Epic, epic card, even though he barely did anything with the Dodgers and wasn't even with the team anymore when collectors were pulling this card. The card still does capture the excitement of that August, 1988 trade with the Cardinals.
Notable pickups Eddie Murray and Willie Randolph are in the Traded set, which I had no idea existed in 1989.
1991: Juan Samuel (flagship), Darryl Strawberry (traded)
Dodger fans may note me skipping some years and notables, such as 1990 and Kal Daniels. This is partly to save time but also to pretend that the Dodgers Kal Daniels era never existed.
Same could be said a bit for Samuel (last with the Mets) and Strawberry (also last with the Mets), but they at least contributed a little bit. (Also apologies for not scanning the Brett Butler Traded card).
1992: Eric Davis (traded set)
Gary Carter from the flagship set is also worthy of being mentioned here, although he showed up in 1991 sets, too.
Yes, I am skipping all the way to 1999.
The Dodgers' dealings for veteran players during the mid-to-late '90s were not terribly interesting or satisfying. A quick list goes like this: 1993, Tim Wallach; 1994, Cory Snyder; 1995, Delino Deshields; 1997, Greg Gagne; 1998, Todd Zeile. Not all that exciting, unless you are (*ahem*) a Tim Wallach collector.
Then came the Fox Television era and shipping Mike Piazza to the Marlins.
Add all of that wheeling and dealing together and some other wheeling and dealing and the veterans making their first appearances on Topps flagship cards in 1999 goes something like this:
1999: Kevin Brown, Todd Hundley, Mark Grudzielanek, Jeff Shaw, Charles Johnson, Devon White, Gary Sheffield.
Yowsa, how do I pick the chief notable out of all of that? I guess it has to be Sheffield as he made the greatest dent as a Dodger among that group.
2000: Shawn Green
What the heck, let's add another superstar onto the pile.
2004: Fred McGriff and Robin Ventura
The Dodgers settled down a bit after their turn-of-the-century consuming. They dealt for some veterans of somewhat minor note from 2001-03, people like Brian Jordan, Marquis Grissom, Andy Ashby and Terry Mulholland. But 2004 was wild because -- WHAT? -- Fred McGriff in a Dodger uniform??????
Add the Traded set with Brad Penny, Steve Finley and Jose Lima and '04 was a bonanza for old-veterans-as-new-Dodgers.
2005: J.D. Drew, Derek Lowe and Jeff Kent.
Probably the least-pleasant acquisition of veterans by the Dodgers since the 1980 Goltz-Stanhouse fiasco.
2006: Rafael Furcal
The Furcal card was the most exciting one to me in '06 if only because Braves fans seemed perturbed that Raffy was now a Dodger. But the best Braves-to-Dodgers transition of 2006 (by way of the Cubs) was:
Greg Maddux in the Traded set. Isn't that fake Dodger uniform and cap to die for?
2008: Manny Ramirez
The period after 2006 was a bit depressing as far as bringing veterans to the Dodgers. They spent like hell with not much to show for it. Luis Gonzalez, Juan Pierre, Randy Wolf and Jason Schmidt were all Dodger card newbies in '07. Then, to add insult to injury, Andruw Jones made his big, fat, Dodger debut in 2008 Topps. Emphasis on fat.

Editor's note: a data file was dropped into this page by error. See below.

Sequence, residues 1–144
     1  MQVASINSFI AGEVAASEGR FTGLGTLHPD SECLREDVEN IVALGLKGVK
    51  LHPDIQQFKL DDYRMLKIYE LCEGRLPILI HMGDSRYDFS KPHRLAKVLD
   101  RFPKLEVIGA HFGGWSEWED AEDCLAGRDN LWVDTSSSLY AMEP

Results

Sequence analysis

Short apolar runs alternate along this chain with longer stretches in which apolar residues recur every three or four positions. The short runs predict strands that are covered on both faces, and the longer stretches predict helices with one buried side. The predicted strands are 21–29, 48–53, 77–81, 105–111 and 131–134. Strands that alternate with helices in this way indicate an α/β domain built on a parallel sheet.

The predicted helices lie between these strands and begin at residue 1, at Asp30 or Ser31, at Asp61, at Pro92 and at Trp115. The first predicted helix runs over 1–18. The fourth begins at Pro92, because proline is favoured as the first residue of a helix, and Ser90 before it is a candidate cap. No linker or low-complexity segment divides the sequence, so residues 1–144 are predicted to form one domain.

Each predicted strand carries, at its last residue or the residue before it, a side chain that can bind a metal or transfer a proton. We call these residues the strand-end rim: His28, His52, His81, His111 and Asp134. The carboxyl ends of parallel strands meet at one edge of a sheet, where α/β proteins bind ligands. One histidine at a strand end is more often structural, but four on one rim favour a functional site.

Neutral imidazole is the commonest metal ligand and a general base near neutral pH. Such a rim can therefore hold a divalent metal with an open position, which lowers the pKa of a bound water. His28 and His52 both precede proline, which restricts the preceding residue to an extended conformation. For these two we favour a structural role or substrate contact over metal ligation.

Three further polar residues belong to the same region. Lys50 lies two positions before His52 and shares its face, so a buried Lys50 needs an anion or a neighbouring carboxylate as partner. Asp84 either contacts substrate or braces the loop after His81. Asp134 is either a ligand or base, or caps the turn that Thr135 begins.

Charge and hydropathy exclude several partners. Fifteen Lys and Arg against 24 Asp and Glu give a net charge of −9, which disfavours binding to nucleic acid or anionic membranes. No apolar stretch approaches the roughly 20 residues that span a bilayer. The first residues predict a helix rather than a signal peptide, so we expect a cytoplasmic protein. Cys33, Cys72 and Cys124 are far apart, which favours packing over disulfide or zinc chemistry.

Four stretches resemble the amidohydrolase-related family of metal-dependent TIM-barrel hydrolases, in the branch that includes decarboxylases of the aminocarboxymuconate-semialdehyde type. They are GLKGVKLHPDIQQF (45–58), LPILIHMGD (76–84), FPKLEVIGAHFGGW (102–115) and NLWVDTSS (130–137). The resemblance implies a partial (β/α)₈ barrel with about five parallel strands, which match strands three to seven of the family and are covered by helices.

Fortunately, Manny saved everything. I still love his '08 Traded card. It sums up the excitement of his arrival in L.A., how successful he was immediately, the fan frenzy that I had not seen that high since Fernandomania. This is one of my favorite first Dodger cards for a veteran player.
2010: Jim Thome
Not much of a Dodger contributor since he barely played the field and the NL has no DH, but it was so worth it to be able to get a card of Thome in a Dodger uniform the next year.
2013: Zack Greinke
Skipping ahead again, past the arrivals of Juan Uribe, Hanley Ramiez, Mark Ellis, etc. 2013 also marks the arrival of Adrian Gonzalez's first Dodger flagship card.
2015: Justin Turner
It used to be a lot easier to acquire veteran players who would go on to exceed everyone's dreams while in a Dodger uniform. It doesn't happen as often anymore but it did happen with Justin Turner. I couldn't see Turner in a Dodger uniform on a baseball card fast enough.
2016: Chase Utley
That's for you Mets fans. Hugs and kisses.
2018: Chris Taylor (flagship set); Manny Machado (update set)
Chris Taylor, like Max Muncy, took foreeeeeeeeeeeeeeeeeeeeeeeeeeeeeeever to appear as a Dodger in a flagship/update set. I think Topps depends on Topps Now to placate collectors who want to see veteran players in their new digs, but Now doesn't cut it for me. You've got to get that guy in a regular card I can buy in a store ASAP.
While Taylor was an under-the-radar deal that paid greatly for the Dodgers, Manny Machado was that big, flashy signing that didn't last long. At least I got a couple Dodger cards out of it.
So, that's my history of anticipating the first Dodger card of a new acquisition. Max Muncy probably doesn't qualify like the rest of the players do as he was barely known as a player who was still having trouble escaping the minor leagues when the Dodgers signed him. But 35 home runs takes care of all of that and -- dammit, where is my Muncy flagship card???
As for 2019, the only player I can think of that qualifies here is A.J. Pollock, who is now injured and who knows if he'll squeeze his way into Update.
Of course with the way Topps operates now, it may be 2020 -- Series 2 -- before I see my first flagship card of Pollock as a Dodger.